Follow Oregon's lead on meth

By chillinwill · Sep 20, 2009 ·
  1. chillinwill
    As reported in Tuesday's Oregonian ("Violent crime drops 10.6% in Oregon"), the latest statistics released by the FBI indicate that local crime rates are going down both for violent crimes and property crimes. That's welcome news, especially during a recession, when many people would expect the opposite.

    But there is even better news for Oregonians: Violent crime in Oregon took our nation's biggest drop, and a decrease in meth production may be the key. Of course, meth is not the only reason, but it does play an important role.

    This good news is confirmed in other data recently released by the federal and state governments, including drug arrests and meth lab incidents. But not all drug arrests are down in Oregon. Just meth.

    This is not to say we have defeated meth. Not even close. Even with our positive trends, meth remains by far the No. 1 illicit drug abuse problem in Oregon. But what makes Oregon different from the rest of the nation is that we are on the decline. Other states, including and especially California, are going in exactly the opposite direction. Meth labs are back with a vengeance, everywhere except Oregon.

    So what makes us different? What did we finally get right? That is what many folks in Washington, D.C., and other states are asking, and why my phone and e-mail have been buzzing nonstop this past week.

    What Oregon has done is pioneer a path away from traditional "war on drugs" policies based on fear and shifted instead to drug policies based on science.

    Three things distinguish Oregon.

    First, we utilized an extensive public information and community policing campaign. Not based on fear. Just the facts. As a result, Oregonians are more aware of the ugly truth about meth.

    Second, we shifted resources to treatment strategies that actually work. The truth is that treatment works for meth addiction just as well as any other form of addiction, if we use the correct treatment and recovery support. Oregon's drug courts are a perfect example.

    Finally, we were the first -- and remain -- the only state to effectively control pseudoephedrine, found in some cold and allergy medicines and the key ingredient necessary to make meth. Unlike most other drugs of addiction, meth supply and meth labs can be controlled, as extensively documented by The Oregonian in its "Unnecessary Epidemic" series published in 2004. With the leadership of a bipartisan caucus in Salem, we returned pseudoephedrine to its status as a prescription drug, as it was before 1976 and before the grand scale meth epidemic that ravaged Oregon from the late 1980s through 2007.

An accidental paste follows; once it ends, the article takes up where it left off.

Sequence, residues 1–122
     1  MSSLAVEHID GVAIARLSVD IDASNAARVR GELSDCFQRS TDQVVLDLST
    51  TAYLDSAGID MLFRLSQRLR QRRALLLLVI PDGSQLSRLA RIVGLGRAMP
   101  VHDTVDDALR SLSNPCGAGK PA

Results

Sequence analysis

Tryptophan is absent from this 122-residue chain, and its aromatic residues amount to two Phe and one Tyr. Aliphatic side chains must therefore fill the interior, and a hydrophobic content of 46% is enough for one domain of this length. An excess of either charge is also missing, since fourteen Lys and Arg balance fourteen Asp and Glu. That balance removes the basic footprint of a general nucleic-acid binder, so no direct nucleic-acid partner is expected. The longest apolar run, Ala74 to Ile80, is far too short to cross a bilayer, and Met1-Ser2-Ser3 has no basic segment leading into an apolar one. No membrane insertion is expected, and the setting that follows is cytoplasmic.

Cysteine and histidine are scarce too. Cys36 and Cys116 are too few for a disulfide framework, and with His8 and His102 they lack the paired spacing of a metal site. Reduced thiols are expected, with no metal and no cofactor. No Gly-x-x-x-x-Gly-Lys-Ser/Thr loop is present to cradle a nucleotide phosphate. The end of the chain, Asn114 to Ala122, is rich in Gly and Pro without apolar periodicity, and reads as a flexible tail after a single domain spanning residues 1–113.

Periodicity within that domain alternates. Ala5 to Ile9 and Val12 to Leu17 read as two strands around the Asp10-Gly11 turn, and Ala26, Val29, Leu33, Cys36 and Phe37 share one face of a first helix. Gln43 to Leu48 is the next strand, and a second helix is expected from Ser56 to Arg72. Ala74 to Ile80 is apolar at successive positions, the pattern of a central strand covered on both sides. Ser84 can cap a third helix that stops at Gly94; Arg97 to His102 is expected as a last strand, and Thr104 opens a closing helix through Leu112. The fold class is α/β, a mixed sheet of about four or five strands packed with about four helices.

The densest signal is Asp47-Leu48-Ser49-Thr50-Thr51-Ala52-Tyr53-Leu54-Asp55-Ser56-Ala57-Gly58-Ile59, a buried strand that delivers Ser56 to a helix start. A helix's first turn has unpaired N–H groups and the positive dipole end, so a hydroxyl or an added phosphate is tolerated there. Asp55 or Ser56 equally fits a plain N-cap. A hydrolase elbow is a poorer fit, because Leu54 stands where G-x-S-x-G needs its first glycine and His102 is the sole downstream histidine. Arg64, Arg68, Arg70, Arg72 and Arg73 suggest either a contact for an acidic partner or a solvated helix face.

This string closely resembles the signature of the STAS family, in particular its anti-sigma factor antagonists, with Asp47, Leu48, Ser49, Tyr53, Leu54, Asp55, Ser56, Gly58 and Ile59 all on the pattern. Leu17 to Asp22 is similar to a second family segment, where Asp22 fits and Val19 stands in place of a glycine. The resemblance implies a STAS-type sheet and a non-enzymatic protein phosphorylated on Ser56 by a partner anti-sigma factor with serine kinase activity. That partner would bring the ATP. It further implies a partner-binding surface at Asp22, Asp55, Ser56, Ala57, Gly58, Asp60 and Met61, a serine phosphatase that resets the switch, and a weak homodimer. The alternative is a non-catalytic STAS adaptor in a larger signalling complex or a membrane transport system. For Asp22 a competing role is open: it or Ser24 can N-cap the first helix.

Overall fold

We also worked directly with our counterparts in Mexico, who followed Oregon's lead and then completely banned pseudoephedrine. Five other nations have recently done the same. This has put intense pressure on other states, where meth labs and meth arrests are rising.

    Many other states are now pursuing legislation based on the Oregon model. U.S. Sen. Ron Wyden, D-Ore., also has drafted legislation to make the successful Oregon model a national policy. But there is a tough road ahead.

    Why? Money.

    The pharmaceutical industry is making millions of dollars each year from diverted pseudoephedrine used to make meth. Blood money.

    The payoff in our shifting to science-based drug policies can be measured in lives and families saved. After meeting this spring with our nation's new "drug czar," former Seattle police chief Gil Kerlikowske, I am optimistic that our nation may be following Oregon's lead.

    Yes, we have made much progress. But we have a lot of work ahead. The five-year efforts of the Oregon Meth Task Force have just come to a close. We now have a new comprehensive statewide Alcohol and Drug Policy Commission, something we have needed for a long time. The new commission has a big challenge, but at least its starting point is a downward trend line, reduced crime, and effective policies based on science, rather than fear and money.

    By George Rede
    The Oregonian
    September 19, 2009

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